REVIEW: Kong tries to be more than just a typical "Monster Movie"

By Ryan Simmons (Twitter: RyanSimmonsVO)
March 12, 2017 - 6:44pm Updated: March 12, 2017 - 7:33pm

I feel like there's something plaguing Hollywood these days, a scourge that was started by one of my favourite movies... I call it the "More Than Syndrome".

Ever since The Dark Knight broke the comic book genre mold and received universal praise for being "more than just a comic book movie", many movies since have died upon their lofty ambitions of being "More Than" just another genre movie.

Kong: Skull Island is a great example of movie that takes what could have been a highly entertaining genre film and forces it to die a slow, bloated death trying to become "More Than" just another Monster Movie. The sad part is, with most of the pieces they had, they really could have made an incredibly entertaining Monster Movie if that's all they set out to do.

Now, first off, we're going to have to agree on a few things when it comes to Monster Movies if you're going to be on board with my review:

1) The movie should be about the monster(s)

2) The characters don't need more motivation beyond survival

3) The fewer scenes without monsters, the better

If you agree on that list, we're gonna be on the same page here. The people who made Kong: Skull Island do not agree with that list.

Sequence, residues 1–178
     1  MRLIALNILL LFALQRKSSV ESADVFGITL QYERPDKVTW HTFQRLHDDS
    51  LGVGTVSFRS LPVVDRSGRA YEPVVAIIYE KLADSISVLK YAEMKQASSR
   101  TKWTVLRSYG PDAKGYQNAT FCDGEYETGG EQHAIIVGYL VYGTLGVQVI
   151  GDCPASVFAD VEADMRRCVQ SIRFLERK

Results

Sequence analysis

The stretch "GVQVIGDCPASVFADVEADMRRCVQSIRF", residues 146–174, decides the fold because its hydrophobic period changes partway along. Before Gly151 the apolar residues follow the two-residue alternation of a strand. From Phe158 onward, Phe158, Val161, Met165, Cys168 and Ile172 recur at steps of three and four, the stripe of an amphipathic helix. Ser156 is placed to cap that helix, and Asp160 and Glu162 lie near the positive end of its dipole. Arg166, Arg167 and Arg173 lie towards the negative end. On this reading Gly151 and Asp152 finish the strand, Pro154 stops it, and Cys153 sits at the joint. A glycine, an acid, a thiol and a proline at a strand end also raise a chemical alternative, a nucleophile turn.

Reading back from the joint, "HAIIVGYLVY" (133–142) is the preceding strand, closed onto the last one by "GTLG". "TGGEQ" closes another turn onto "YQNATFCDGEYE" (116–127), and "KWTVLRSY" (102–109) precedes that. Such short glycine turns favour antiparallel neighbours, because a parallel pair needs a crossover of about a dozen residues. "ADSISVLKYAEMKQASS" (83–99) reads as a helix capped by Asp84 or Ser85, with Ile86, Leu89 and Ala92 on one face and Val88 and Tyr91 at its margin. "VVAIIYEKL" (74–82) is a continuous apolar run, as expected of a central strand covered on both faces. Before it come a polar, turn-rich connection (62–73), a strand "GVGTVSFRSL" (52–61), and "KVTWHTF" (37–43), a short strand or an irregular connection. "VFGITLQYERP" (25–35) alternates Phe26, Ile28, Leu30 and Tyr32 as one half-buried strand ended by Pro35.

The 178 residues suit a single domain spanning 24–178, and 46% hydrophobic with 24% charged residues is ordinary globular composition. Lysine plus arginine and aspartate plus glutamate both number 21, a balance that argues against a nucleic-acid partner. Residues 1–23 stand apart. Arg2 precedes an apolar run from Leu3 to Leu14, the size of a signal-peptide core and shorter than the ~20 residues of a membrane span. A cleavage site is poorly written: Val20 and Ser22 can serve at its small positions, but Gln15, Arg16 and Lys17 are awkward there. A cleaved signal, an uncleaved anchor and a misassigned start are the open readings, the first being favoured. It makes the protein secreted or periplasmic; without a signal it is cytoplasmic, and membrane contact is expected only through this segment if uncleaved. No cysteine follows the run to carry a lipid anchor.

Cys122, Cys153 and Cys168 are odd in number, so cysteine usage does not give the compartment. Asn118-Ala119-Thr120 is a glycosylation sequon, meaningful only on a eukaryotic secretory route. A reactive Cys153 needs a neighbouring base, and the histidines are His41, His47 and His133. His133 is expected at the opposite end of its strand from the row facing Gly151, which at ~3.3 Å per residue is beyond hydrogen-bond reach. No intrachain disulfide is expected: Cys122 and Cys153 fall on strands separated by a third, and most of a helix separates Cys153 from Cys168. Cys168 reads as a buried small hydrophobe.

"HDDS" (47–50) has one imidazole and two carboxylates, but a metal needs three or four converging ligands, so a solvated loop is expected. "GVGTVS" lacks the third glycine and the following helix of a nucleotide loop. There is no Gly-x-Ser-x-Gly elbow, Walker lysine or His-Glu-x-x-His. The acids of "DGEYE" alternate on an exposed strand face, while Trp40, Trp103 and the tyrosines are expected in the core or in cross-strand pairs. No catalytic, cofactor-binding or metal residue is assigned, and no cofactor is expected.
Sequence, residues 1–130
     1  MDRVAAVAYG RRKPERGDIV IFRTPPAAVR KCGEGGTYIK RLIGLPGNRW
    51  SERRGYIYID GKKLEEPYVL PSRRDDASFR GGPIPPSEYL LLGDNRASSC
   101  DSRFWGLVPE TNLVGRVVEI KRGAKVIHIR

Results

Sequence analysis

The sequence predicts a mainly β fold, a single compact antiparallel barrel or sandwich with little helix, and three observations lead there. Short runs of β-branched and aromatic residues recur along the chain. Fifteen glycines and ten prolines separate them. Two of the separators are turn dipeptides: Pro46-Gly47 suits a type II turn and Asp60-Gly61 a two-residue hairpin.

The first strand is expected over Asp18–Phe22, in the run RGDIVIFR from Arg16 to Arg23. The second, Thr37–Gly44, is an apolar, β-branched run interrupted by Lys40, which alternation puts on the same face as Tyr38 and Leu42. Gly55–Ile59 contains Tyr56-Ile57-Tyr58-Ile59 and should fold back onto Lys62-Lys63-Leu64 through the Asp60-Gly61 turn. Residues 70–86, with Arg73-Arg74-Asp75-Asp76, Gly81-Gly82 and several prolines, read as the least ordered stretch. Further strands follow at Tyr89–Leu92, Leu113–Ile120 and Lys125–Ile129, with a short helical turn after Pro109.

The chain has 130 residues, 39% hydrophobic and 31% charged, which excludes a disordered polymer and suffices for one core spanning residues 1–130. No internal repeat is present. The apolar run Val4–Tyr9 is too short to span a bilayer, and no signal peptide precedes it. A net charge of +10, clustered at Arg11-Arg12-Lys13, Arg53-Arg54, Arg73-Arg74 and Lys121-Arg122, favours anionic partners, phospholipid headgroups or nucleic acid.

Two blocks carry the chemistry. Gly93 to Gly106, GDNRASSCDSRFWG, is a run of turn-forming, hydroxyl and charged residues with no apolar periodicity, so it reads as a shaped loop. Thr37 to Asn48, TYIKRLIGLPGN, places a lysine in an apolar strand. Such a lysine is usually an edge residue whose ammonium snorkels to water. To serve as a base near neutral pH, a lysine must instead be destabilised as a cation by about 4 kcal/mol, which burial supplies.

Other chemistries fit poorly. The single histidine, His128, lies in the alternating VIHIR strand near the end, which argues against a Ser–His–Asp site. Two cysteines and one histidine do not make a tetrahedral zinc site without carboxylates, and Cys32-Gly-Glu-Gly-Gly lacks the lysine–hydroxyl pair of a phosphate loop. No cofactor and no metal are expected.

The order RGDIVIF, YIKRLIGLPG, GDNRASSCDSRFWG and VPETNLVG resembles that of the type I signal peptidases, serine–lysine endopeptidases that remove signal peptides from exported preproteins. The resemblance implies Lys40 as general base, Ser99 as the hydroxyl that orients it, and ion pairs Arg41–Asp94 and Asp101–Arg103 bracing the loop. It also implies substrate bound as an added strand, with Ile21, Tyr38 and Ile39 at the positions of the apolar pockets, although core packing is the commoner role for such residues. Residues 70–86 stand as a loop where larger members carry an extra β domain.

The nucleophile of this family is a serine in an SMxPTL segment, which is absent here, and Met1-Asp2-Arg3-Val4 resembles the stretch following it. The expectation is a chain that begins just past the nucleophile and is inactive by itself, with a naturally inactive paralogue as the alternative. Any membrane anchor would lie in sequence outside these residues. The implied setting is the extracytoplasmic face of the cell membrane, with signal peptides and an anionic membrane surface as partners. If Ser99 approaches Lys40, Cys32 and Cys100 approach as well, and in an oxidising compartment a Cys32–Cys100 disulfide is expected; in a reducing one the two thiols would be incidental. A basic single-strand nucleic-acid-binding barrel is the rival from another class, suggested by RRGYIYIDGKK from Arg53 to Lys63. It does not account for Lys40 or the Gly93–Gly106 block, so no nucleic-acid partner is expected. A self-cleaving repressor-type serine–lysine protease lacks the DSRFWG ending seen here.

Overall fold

I understand the challenge; the second act of a Monster Movie is always tough. The first act is a gimme because the audience is dying to see the monster go off, so the anticipation is built in, and the last act is a gimme because you just need a cool monster fight to finish out the movie. Filling the space between those two moments is the tough part.

I'm from the "Jurassic Park" school of thought here, that all you need is the drama of the characters trying to survive, nothing more. You fill out what are sure to be fairly shallow characters by getting good actors to play them so the emotions feel real, place a few Monster-related obstacles between them and their escape, occasionally kill off a character to up the stakes, and boom; you have everything you need for a good monster movie.

Kong suffers brutally from trying to achieve "More Than" this by creating purely character-based drama in the middle of the narrative for no reason. So it has the characters chasing a huge story thread that the audience knows from the start will lead no where, all while making you wait for more of what everyone paid to see: monkey fights.

I'm not sure what lead them to do this; whether it was to pad the running time, to attract better actors with more lines, or maybe even to try to win awards... I'll never know, but the movie basically dies in the second act because of it.

Had they endeavoured to just make an entertaining, action-packed monster movie I really think they could have pulled it off, but instead Kong: Skull Island sinks under the weight of trying to be "More Than" that.

Ryan Simmons, a professional voiceover actor and passionate pop culture afficianado, can be heard 6 - 10 a.m. weekdays on 106.7 The Drive. 

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